I don’t care that Selma was snubbed by the Oscars because an Oscar doesn’t mean anything to me.  And I stopped caring about the Grammys after Kendrick, Kanye, Jay Z and Drake all lost Best Rap Album to Macklemore last year.  Year after year, White people demonstrate that they don’t see the same value in our art that we do.  And year after year, we get upset because somebody got snubbed, or they gave an award to the wrong person because they don’t really know what constitutes good rap or R&B anyway. I cherish Selma because it’s a movie that focuses on the Black experience, staring, written by, and directed by Black people, and that’s good enough for me. Some of my favorite movies – Friday, Boyz in the Hood, Baby Boy (Baby Boy!) – center aspects of the Black experience that I don’t expect White people to appreciate. I don’t expect the White masses to appreciate music by Janelle Monae, Solange Knowles, or D’Angelo. And I don’t need them to. I don’t need them to tell me that my movies are worth watching, that my music is worth listening to, or that I’m is smart, kind, and important. I know that already.  And as Black people, it’s our job to know that, not theirs.  It’s our job to love us, to value us, and to celebrate us.  And as long as we keep looking to White people to do these things for us, we will never be satisfied, we will always be disappointed. But when we learn to value ourselves for who we are and our culture for what it is, then we can know true validation.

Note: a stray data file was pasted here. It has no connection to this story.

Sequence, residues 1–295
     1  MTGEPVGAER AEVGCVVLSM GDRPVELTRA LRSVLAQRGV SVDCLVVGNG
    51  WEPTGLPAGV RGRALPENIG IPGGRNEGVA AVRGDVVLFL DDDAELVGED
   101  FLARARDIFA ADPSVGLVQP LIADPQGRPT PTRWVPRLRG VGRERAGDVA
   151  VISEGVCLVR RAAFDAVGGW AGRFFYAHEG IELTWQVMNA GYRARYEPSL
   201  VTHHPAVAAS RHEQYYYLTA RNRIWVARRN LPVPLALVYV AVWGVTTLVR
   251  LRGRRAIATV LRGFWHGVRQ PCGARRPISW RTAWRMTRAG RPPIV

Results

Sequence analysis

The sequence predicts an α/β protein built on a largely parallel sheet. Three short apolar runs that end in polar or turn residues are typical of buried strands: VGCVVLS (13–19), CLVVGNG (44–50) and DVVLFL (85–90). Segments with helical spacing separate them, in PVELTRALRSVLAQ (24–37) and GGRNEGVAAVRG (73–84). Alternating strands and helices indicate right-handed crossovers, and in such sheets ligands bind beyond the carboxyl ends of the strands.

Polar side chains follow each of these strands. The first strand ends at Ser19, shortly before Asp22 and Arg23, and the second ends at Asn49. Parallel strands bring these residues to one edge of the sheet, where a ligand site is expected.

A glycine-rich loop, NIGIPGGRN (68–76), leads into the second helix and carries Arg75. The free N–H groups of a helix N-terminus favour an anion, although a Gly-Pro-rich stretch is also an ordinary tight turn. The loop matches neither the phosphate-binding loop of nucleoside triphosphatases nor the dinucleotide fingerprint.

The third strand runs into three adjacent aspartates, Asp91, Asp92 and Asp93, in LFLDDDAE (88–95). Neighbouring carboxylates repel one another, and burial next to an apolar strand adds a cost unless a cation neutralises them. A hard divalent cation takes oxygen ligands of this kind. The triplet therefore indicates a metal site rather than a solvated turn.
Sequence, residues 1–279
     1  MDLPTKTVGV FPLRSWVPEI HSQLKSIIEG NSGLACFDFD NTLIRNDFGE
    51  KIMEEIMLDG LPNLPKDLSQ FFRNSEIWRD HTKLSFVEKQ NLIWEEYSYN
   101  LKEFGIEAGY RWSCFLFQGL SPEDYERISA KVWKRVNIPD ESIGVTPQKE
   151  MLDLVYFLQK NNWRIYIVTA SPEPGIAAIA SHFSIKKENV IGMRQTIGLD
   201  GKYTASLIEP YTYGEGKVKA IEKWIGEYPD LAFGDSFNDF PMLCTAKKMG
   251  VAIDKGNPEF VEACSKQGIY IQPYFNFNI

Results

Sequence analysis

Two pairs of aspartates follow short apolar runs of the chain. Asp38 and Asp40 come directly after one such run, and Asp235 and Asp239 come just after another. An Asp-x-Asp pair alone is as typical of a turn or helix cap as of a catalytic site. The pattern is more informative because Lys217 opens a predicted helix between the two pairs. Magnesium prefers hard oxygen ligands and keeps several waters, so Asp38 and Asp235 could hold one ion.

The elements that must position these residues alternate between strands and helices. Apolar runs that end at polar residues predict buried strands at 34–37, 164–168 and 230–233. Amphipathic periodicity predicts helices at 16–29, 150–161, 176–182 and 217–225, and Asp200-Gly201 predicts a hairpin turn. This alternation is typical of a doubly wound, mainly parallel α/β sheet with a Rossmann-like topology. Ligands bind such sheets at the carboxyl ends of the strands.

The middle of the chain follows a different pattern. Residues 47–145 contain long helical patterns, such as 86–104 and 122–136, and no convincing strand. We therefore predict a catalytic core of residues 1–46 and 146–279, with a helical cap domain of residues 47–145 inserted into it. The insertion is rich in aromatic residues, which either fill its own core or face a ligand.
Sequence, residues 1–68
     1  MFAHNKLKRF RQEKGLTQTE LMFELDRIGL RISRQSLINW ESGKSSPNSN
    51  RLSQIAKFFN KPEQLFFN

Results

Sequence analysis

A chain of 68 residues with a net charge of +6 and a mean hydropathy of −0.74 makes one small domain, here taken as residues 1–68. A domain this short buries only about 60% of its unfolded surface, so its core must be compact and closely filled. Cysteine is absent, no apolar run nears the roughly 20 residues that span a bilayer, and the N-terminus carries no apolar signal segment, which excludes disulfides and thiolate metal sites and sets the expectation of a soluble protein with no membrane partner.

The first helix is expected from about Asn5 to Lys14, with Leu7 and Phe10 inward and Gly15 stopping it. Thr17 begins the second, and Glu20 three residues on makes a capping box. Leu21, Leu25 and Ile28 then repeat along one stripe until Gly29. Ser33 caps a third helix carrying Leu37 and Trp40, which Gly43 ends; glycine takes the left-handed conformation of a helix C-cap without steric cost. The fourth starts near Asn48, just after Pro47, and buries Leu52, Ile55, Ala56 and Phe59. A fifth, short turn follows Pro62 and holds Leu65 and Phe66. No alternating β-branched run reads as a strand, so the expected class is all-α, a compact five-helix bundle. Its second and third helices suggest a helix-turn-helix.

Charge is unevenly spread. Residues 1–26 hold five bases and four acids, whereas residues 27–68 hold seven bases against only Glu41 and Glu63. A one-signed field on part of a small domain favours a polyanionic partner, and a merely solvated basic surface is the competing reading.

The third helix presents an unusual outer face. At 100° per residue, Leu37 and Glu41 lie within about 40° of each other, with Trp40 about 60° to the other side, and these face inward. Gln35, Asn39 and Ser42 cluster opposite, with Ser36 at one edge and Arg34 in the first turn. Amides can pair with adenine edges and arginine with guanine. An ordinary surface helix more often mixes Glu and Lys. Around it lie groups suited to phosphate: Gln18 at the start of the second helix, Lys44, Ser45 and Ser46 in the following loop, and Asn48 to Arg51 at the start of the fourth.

It might sound cliche, but there is a lot of truth to the adage: happiness starts from within, not without. Whiteness cannot be the standard against which we measure ourselves.  So, watch Selma. Love it. Bask in its Blackness. And forget about the Oscars, the Grammys, and everything else. Because, frankly, they don’t mean a damn thing.

Brandon Ellington Patterson is a senior Sociology major at Howard University in Washington, D.C.  He was formerly Chairman of the Political Action Committee for the NAACP Howard Chapter and is an aspiring journalist.

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6 thoughts on “Who Cares that Selma Was Snubbed by the Oscars? I Don’t”

  1. Brandon, everything you said is so true and it’s what I’ve been preaching for years. You are so insightful. We must learn to love and value ourselves. And I’m glad that you went to an HBCU. You gained knowledge at Howard that you would not have gained if you had attended a PWI. Keep up the good work.